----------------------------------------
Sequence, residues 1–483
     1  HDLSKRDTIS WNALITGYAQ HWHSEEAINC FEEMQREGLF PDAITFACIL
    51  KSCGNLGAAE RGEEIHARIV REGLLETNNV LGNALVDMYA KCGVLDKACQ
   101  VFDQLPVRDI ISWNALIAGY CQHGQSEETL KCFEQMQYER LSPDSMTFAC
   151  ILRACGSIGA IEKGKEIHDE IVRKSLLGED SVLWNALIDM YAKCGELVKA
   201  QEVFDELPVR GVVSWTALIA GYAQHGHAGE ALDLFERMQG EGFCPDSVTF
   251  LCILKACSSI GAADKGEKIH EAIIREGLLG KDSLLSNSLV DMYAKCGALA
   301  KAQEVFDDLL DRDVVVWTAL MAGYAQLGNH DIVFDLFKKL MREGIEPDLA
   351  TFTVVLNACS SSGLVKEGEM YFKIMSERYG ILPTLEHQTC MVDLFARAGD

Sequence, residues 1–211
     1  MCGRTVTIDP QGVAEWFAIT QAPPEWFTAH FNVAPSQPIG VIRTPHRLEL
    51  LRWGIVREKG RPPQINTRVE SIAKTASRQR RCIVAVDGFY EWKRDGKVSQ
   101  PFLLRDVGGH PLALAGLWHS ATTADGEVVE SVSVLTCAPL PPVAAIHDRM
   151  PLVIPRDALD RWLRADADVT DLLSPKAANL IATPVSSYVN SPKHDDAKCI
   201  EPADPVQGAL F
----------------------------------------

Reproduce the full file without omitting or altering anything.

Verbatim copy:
Sequence, residues 1–483
     1  HDLSKRDTIS WNALITGYAQ HWHSEEAINC FEEMQREGLF PDAITFACIL
    51  KSCGNLGAAE RGEEIHARIV REGLLETNNV LGNALVDMYA KCGVLDKACQ
   101  VFDQLPVRDI ISWNALIAGY CQHGQSEETL KCFEQMQYER LSPDSMTFAC
   151  ILRACGSIGA IEKGKEIHDE IVRKSLLGED SVLWNALIDM YAKCGELVKA
   201  QEVFDELPVR GVVSWTALIA GYAQHGHAGE ALDLFERMQG EGFCPDSVTF
   251  LCILKACSSI GAADKGEKIH EAIIREGLLG KDSLLSNSLV DMYAKCGALA
   301  KAQEVFDDLL DRDVVVWTAL MAGYAQLGNH DIVFDLFKKL MREGIEPDLA
   351  TFTVVLNACS SSGLVKEGEM YFKIMSERYG ILPTLEHQTC MVDLFARAGD

Sequence, residues 1–211
     1  MCGRTVTIDP QGVAEWFAIT QAPPEWFTAH FNVAPSQPIG VIRTPHRLEL
    51  LRWGIVREKG RPPQINTRVE SIAKTASRQR RCIVAVDGFY EWKRDGKVSQ
   101  PFLLRDVGGH PLALAGLWHS ATTADGEVVE SVSVLTCAPL PPVAAIHDRM
   151  PLVIPRDALD RWLRADADVT DLLSPKAANL IATPVSSYVN SPKHDDAKCI
   201  EPADPVQGAL F